- What does learning online in a closed course management system mean?
- What is WebCT Connect? Wimba?
- What are some pros and cons to learning online in this kind of environment?
Consider these questions as you review the examples below. Try the quiz from the left menu: What Have You Learned? after you’ve spent some time with this section.
UBC offers hundreds of online courses using Web CT Connect. These may be fully or partially online. Fully online courses are most often offered through distance education programs and are generally considered closed systems since they offer students the protection of only sharing their work with other registered students and the professor.
Depending on your learning preference, online learning can be an ideal way to interact with content, classmates and professors. View the following video and list of pros and cons to decide if you think interacting and discussing in an online environment is a good option, and if online courses are right for you.
Video produced by: Mark Fullmer, posted by markobooko
Pros and Cons to Online Courses:
|Convenience||when you want, where you want||requires excellent time management skills|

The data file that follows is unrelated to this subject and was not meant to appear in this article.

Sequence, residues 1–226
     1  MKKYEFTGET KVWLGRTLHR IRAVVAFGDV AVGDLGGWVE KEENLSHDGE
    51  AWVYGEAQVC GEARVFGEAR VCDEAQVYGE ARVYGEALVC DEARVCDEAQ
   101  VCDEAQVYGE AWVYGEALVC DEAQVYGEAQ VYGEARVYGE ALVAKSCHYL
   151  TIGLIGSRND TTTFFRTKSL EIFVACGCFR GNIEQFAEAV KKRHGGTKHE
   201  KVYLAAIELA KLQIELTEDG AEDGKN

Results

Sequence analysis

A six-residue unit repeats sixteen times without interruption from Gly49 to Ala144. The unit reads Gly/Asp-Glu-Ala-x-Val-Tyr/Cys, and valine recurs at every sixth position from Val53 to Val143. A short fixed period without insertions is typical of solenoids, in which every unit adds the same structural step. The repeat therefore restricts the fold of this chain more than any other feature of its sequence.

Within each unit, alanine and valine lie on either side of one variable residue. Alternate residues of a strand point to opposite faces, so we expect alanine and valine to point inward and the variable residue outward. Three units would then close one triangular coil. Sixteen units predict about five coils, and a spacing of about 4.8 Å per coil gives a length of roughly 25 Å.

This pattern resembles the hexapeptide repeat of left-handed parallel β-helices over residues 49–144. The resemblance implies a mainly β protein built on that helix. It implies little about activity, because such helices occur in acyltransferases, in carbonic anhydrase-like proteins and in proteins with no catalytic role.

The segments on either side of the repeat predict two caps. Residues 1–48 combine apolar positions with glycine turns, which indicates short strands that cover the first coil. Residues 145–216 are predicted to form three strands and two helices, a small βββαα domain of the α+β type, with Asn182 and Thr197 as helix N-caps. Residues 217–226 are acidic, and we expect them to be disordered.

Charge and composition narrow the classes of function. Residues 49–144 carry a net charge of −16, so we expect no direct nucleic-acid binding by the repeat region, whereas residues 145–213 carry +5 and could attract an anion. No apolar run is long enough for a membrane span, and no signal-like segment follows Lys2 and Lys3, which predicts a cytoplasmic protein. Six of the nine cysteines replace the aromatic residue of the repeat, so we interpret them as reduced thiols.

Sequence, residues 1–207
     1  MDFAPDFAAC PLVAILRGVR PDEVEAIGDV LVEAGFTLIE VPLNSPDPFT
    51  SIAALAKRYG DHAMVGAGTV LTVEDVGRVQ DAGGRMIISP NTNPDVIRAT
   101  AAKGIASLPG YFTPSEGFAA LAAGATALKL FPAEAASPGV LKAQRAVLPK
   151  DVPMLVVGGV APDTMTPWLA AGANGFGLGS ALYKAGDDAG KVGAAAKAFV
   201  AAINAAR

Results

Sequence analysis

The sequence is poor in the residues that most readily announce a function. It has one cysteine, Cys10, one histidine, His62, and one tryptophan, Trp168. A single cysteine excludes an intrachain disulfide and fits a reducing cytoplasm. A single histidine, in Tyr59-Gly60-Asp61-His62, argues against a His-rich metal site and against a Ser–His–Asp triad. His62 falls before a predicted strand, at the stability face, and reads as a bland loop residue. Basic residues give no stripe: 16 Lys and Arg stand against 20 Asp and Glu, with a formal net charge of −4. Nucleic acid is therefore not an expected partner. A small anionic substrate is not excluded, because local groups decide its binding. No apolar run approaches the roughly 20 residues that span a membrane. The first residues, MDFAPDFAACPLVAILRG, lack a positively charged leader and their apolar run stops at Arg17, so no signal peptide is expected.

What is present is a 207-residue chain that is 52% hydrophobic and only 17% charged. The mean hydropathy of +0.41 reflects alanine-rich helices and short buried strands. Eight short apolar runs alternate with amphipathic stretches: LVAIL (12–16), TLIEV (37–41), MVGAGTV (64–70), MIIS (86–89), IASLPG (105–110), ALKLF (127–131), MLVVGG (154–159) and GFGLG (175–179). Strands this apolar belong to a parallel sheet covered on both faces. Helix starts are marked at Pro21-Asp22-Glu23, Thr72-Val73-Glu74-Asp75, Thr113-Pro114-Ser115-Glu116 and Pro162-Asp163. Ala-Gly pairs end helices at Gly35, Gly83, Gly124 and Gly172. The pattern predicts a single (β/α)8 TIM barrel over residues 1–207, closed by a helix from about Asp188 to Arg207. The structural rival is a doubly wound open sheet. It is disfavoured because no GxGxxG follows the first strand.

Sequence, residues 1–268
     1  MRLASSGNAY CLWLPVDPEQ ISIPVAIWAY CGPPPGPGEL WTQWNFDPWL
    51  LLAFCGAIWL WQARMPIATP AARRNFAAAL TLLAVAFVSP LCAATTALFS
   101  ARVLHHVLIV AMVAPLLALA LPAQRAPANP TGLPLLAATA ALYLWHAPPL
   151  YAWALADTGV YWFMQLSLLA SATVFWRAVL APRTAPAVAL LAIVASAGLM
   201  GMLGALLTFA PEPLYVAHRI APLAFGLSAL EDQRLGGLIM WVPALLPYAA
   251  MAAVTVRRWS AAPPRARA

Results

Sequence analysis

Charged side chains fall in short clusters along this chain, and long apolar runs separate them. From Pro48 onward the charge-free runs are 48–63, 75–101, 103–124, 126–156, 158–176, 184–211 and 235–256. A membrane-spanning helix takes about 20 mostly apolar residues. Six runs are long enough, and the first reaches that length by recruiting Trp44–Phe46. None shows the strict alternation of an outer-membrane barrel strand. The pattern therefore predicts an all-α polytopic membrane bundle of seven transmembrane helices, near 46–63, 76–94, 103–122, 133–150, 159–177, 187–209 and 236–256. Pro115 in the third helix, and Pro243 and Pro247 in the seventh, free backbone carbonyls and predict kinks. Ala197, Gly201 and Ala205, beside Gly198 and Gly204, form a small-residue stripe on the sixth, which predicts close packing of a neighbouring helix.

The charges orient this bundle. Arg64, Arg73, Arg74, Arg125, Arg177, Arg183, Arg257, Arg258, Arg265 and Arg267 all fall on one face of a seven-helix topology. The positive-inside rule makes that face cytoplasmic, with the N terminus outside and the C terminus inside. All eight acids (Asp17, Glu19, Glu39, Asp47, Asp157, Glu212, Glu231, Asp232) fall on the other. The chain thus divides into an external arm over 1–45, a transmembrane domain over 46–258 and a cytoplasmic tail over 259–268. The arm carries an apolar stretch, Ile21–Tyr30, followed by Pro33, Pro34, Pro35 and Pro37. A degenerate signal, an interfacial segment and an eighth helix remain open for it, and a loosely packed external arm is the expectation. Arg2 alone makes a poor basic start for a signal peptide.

|Control||learn at your pace, skip what you know, explore what you want to know||be honest with yourself about what you do and do not know|
|Connection||dynamic content and interactive feedback from instructor and diverse, widespread peers||no face to face contact and requires regular online participation to benefit from communication|
|Cost||save money on travel, parking, maybe even food|
|Commitment||enhance personal growth, commitment and technological skill set|
If you are thinking about learning online, check out some of UBC’s resources from the Centre for Teaching, Learning and Technology. And on UBC’s Learning Commons to help you make an informed decision.
- Is Online Learning Right for me?: a short survey.
- 8 Things to Get a Handle On: Online Learner Competencies
- Communicating Online
- UBC Office of Learning Technology. Distance Learning. Student Profiles.
- UBC restricts access to WebCT Connect to paying students registered in particular classes. Even in a closed system, it is wise to carefully consider what information you want to share before posting or mailing within the course. Ask yourself whether what you’re writing is something you would choose to share with the group in a classroom setting.
- Proofread! UBC advises students to “watch typos and grammatical mistakes, especially when writing to your instructor, but also pay attention to phrasing and try to anticipate whether something you’ve written could potentially be misconstrued. Without verbal cues, sometimes email messages come across differently than the sender had intended, so be sure to reread before sending your first draft”.
- Be aware that when you publish your work within these systems, content is deleted after a period of time, so it can be difficult to access your work at a later date. Always save important postings or documents in another place or format just to be sure.